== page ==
Well-being and Humanities Education in Singapore , pp. 2 of 11

  1. Positive emotion is the positive feelings we have when we engage in certain activities. These include joy, happiness, inspiration, awe, gratitude, love, and hope. What are the sources of joy, happiness, inspiration, awe, etc. in our work and classrooms?
  2. Engagement is similar to what Csíkszentmihályi (1990) calls flow, when we engage in an activity in a way that fully focuses our attention and effort or when we lose a sense of time and self in activity. During flow, one is fully immersed in the experience and the experience is seen as intrinsically rewarding, rather than conducted for external rewards (or punishments). When, in our work or in our classrooms, are we or our students most engaged or in a state of flow, completely absorbed in the task at hand?
  3. Relationships, such as those we find in friendship, family and other social and collegial relationships, are important to well-being. Meaningful and positive social connections enrich our lives in innumerable ways. What are the relationships we have with each other and our students that are most positive, productive and meaningful?
  4. Meaning, according to Seligman, is what gives our life purpose and typically means serving a higher or larger purpose than one’s self.  It often manifests itself in the goals we set and the need to belong to larger communities and commitments, such as those found in political parties, religious groups, or professional and charitable organizations. What opportunities do we have in our work and classrooms for honest exploration of meaning and purpose?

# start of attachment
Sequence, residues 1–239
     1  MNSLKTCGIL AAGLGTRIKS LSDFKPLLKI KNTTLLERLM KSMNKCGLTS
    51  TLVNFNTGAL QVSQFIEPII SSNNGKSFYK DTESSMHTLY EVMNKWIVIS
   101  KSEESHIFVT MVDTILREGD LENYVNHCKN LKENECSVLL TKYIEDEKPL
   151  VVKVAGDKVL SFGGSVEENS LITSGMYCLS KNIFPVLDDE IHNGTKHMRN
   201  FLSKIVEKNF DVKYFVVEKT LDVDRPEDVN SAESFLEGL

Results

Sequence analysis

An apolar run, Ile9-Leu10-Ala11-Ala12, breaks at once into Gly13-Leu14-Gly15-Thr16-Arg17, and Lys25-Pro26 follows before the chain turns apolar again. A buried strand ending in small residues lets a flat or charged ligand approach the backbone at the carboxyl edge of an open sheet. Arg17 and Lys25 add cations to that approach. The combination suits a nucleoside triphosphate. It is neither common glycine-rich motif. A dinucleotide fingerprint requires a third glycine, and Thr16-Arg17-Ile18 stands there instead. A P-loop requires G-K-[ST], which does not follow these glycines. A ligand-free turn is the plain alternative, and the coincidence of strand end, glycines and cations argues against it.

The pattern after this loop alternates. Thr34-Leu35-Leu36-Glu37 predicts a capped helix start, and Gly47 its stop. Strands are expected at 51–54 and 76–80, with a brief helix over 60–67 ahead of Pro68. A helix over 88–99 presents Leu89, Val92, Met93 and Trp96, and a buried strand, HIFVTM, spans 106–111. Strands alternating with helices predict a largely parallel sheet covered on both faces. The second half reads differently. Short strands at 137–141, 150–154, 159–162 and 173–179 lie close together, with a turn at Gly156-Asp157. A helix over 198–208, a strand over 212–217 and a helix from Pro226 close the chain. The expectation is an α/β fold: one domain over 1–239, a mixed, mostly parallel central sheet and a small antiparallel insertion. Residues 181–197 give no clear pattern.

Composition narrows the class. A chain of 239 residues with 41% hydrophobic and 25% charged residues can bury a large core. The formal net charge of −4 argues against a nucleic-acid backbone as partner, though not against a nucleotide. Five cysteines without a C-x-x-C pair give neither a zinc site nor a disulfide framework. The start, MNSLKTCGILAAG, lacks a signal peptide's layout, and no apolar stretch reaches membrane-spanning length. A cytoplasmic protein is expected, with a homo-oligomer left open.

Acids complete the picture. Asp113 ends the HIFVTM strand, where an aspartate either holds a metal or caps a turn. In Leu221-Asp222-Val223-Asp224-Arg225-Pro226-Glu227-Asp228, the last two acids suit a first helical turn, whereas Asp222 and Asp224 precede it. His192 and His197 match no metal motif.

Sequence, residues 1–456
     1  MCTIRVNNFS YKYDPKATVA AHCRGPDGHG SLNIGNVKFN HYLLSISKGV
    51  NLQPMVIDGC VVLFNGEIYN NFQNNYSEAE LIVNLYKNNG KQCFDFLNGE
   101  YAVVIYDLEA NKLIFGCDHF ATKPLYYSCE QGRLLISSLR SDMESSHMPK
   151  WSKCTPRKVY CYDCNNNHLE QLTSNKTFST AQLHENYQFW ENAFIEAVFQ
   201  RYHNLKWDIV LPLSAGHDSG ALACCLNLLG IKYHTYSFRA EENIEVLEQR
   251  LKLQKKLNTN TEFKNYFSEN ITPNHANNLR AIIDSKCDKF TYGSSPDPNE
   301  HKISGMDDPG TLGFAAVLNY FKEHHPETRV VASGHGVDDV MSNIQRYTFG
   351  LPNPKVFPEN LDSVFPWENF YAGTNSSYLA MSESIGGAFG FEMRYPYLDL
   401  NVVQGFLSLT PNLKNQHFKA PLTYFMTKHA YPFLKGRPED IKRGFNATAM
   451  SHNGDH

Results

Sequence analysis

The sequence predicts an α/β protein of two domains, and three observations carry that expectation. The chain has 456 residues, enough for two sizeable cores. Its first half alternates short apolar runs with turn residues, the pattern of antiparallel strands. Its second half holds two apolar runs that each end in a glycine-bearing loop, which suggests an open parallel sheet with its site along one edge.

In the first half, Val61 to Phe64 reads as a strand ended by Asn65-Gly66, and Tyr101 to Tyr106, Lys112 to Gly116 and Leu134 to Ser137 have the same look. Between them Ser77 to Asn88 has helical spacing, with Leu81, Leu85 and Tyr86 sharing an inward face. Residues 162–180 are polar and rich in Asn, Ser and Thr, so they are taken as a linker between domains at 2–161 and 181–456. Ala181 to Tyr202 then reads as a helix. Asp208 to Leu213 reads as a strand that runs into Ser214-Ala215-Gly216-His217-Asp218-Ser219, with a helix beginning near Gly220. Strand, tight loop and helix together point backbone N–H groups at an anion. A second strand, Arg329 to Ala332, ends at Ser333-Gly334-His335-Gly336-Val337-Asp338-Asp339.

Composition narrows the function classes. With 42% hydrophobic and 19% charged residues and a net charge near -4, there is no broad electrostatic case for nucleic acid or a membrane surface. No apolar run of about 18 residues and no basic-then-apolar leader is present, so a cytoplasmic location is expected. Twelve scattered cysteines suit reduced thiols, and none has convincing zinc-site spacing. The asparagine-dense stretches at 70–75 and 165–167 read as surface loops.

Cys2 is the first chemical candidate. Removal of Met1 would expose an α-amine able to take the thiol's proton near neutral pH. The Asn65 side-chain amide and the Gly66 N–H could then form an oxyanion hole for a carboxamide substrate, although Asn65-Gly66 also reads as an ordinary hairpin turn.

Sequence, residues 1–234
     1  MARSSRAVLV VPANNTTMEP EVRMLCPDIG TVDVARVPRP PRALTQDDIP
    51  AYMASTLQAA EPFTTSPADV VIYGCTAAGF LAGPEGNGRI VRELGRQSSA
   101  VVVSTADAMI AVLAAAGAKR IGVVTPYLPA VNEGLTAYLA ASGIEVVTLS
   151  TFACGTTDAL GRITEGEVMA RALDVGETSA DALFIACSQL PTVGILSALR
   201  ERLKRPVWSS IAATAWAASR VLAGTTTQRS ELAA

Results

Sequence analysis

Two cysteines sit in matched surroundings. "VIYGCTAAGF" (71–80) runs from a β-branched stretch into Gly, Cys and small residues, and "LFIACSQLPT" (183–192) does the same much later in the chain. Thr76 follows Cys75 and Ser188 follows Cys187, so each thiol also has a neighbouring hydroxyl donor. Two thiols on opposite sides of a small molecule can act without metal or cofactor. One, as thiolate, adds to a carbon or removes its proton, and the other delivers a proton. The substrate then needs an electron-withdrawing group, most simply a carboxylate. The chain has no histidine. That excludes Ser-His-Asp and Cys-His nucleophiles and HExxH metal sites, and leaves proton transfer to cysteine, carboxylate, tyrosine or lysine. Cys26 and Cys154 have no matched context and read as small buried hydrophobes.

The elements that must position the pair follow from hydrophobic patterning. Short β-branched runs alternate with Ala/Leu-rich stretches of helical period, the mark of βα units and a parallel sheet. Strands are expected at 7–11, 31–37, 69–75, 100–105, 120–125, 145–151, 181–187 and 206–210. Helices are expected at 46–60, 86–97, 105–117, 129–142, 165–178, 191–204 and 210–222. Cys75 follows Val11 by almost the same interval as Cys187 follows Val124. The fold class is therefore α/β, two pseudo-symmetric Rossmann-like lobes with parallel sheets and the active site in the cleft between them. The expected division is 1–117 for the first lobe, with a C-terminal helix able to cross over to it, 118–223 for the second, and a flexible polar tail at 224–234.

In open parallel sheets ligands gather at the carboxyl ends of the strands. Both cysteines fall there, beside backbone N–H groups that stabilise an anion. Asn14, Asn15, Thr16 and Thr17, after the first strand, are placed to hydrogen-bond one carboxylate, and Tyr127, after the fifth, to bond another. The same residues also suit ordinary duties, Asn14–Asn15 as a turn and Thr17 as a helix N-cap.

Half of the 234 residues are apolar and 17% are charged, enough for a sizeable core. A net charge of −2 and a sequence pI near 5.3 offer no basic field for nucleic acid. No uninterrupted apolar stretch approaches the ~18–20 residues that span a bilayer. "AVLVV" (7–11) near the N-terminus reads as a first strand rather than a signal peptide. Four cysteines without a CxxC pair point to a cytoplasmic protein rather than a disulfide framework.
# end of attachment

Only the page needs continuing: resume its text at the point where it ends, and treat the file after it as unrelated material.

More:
5. Accomplishment points to the need to do something worthwhile, to do it well, or to create something that is of value.  A sense of accomplishment is often felt as inner satisfaction gained from meaningful work and engagement with others.  From what activities and achievements do we and our students gain the greatest satisfaction and sense of accomplishment?

Although each of these elements can lead to a sense of well-being independently, they also interact to support and reinforce each other. For example, meaningful work often results in or is accompanied by a sense of flow or total absorption in work, and the outcome of such work can lead to a sense of accomplishment. Seligman’s theory of well-being is part of the broader positive psychology movement that aims to examine and understand the positive, adaptive, joyful and fulfilling aspects of high functioning individuals and communities. Positive psychology places greater emphasis on understanding the activities we choose for their own sake and that give our lives meaning and purpose.

Burkeman (2012) offers what might be considered a “negative approach” to well-being. In his book, The Antidote: Happiness for People Who Can’t Stand Positive Thinking, he argues that “trying to making everything right is a big part of what’s wrong” (p. 9). A negative approach to well-being consists of resisting the tendency to quickly resolve matters and not always feeling the need to doggedly pursue goals and deadlines but finding time to step back, reflect, and be more aware of situations as well as our own thinking, feelings, and judgments. Well-being from this perspective means that one is able to effectively deal with both negative and positive emotions and experiences by recognizing that these are merely the labels we give to situations.

An Inspiring Quote

"[Open-mindedness] includes an active desire to listen to more sides than one; to give heed to facts from whatever source they come; to give full attention to alternative possibilities; to recognize the possibility of error even in the beliefs that are dearest to us."

~ John Dewey, How We Think

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